PSD wins a federal sanctions award against a plaintiff’s firm that helped its client misappropriate corporate records for employment lawsuits

Earlier today, a federal judge in the Southern District of Florida issued a 44-page opinion in favor of PSD’s clients, finding that a plaintiff’s law firm that sued them acted in bad faith from the outset of the litigation.

The court granted PSD’s clients’ motion for sanctions and ordered that the plaintiff’s firm pay the legal fees and costs incurred by PSD’s clients defending the two related cases, one a discrimination case and the other a FLSA case.  After an evidentiary hearing, the court accepted testimony that the fees at issue exceeded $500,000 and has allowed PSD up to 30 days to submit documentation supporting the request for reasonable attorneys fees in such an amount.

In its findings, the court explained that the plaintiff had violated the company’s confidentiality policies by retaining a large volume of corporate records including the entire “my documents” folder from the CEO’s laptop.  Further, the court found that the plaintiff’s firm accepted and kept all of the company’s documents that the former employee provided and then knowingly and recklessly held back and did not produce the bulk of these documents in the face of demands for the return of company property and discovery requests until compelled to do so by court orders.  The court found that both cases filed by the plaintiff’s firm were frivolous ab initio.  The court further found that only after discussions with the plaintiff’s law firm did plaintiff’s focus, and later, her testimony, become more skewed toward describing her duties in a way to try to create claims.  The court explained that the lead counsel at plaintiff’s firm needlessly obstructed the litigation.  Despite statements by plaintiff’s counsel to the contrary, within a month of filing the case, the plaintiff’s lead lawyer knew full well that her client had retained and provided to her firm company property in the form of, at least, a box of documents, a thumb drive, and a CD containing the CEO’s “my documents” folder from his laptop.  The court found that the plaintiff’s lawyer engaged in “sheer and unadulterated obfuscation.”  By use of this subterfuge, the plaintiff’s firm kept the company and its counsel in the dark about the fact that it had possession of voluminous documents, which were critical to the litigation.  The court also stated that the plaintiff’s lawyers “were less than candid in their testimony at the evidentiary hearing and [the lead plaintiff’s counsel] required admonishment due to her evasiveness and non-responsiveness.”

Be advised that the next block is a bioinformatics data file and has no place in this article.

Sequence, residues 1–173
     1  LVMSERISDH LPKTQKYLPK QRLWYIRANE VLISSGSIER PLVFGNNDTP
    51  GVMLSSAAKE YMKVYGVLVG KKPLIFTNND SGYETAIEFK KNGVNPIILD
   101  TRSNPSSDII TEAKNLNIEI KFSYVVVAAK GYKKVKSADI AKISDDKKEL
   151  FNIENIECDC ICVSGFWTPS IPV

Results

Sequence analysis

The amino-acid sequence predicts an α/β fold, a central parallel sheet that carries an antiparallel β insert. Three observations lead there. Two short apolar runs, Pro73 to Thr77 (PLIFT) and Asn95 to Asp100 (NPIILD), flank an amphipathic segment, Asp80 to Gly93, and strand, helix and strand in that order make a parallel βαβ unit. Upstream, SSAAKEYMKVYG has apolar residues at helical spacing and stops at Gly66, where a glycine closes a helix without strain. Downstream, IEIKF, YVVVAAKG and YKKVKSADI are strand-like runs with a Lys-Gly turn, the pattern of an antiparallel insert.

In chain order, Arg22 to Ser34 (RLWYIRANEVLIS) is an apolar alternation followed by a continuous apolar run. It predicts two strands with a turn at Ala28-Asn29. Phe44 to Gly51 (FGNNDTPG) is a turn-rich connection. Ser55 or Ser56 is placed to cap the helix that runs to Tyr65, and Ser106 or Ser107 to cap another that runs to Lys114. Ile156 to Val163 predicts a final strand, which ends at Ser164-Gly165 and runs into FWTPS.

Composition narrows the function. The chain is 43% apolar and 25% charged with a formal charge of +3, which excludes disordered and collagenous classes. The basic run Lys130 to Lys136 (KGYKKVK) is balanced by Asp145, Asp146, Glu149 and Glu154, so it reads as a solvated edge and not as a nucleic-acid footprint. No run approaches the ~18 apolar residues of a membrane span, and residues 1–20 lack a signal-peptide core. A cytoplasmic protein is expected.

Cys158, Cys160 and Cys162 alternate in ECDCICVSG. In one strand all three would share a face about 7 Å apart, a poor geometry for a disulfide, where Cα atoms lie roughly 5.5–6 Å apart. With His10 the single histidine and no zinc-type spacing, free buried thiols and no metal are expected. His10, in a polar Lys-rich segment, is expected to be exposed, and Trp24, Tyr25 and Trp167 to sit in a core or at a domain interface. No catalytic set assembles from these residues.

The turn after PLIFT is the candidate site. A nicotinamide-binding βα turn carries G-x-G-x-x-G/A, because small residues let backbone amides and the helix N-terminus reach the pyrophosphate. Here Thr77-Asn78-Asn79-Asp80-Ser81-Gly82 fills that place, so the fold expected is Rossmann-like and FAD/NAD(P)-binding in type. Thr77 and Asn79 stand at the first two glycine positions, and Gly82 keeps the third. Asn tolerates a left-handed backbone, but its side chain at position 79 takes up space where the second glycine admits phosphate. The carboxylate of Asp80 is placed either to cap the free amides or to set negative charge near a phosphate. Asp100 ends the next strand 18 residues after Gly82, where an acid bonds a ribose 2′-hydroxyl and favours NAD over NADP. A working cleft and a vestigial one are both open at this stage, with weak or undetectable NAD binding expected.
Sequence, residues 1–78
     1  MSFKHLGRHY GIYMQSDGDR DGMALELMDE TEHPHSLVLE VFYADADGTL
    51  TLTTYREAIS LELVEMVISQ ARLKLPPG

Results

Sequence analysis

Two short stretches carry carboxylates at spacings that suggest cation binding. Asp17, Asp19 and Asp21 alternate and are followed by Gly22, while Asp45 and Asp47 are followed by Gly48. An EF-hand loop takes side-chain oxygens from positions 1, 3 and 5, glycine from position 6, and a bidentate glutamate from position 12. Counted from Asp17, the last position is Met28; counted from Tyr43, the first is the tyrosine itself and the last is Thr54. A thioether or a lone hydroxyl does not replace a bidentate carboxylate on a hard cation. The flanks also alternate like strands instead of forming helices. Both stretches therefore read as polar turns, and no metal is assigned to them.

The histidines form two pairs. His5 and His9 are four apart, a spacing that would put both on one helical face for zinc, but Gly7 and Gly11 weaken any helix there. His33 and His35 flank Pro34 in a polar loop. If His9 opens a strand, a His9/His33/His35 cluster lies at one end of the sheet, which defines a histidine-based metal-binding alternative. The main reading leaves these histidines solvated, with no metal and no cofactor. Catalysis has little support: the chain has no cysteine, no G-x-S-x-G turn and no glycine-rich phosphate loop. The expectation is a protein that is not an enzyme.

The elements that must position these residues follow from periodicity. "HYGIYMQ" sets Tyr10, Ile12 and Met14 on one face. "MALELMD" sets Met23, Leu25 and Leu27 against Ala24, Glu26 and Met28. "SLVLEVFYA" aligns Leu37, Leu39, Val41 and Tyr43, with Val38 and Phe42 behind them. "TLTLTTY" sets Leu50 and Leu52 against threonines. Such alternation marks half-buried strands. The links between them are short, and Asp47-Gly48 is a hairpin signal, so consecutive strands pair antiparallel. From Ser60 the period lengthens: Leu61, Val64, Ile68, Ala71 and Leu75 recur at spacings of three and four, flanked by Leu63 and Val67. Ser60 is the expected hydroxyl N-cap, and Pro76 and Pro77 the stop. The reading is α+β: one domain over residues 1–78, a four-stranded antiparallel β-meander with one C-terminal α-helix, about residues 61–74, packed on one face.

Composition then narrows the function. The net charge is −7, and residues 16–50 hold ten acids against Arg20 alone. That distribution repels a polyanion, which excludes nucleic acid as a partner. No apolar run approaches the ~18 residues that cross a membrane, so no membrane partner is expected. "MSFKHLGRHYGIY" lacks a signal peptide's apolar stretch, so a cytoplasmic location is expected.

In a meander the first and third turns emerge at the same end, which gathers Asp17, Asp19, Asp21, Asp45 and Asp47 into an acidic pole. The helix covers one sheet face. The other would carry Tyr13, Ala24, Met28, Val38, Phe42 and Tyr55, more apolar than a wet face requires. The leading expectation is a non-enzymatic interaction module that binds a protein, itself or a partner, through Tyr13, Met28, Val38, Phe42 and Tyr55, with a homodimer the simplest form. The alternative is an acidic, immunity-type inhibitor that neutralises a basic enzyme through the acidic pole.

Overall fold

In conclusion, the court held that plaintiff’s counsel “engaged in knowing and reckless conduct throughout the FLSA case and the Discrimination case, which infected the entire … litigation.  To make matters worse, rather than acknowledge the impropriety of such conduct and rectify it, they used smoke and mirrors each time they were called to account, even to the point of failing to render credible testimony at the final evidentiary hearing to which they were entitled.”

Defendants were represented in the matter by Barry Pollack and Joshua Solomon of PSD.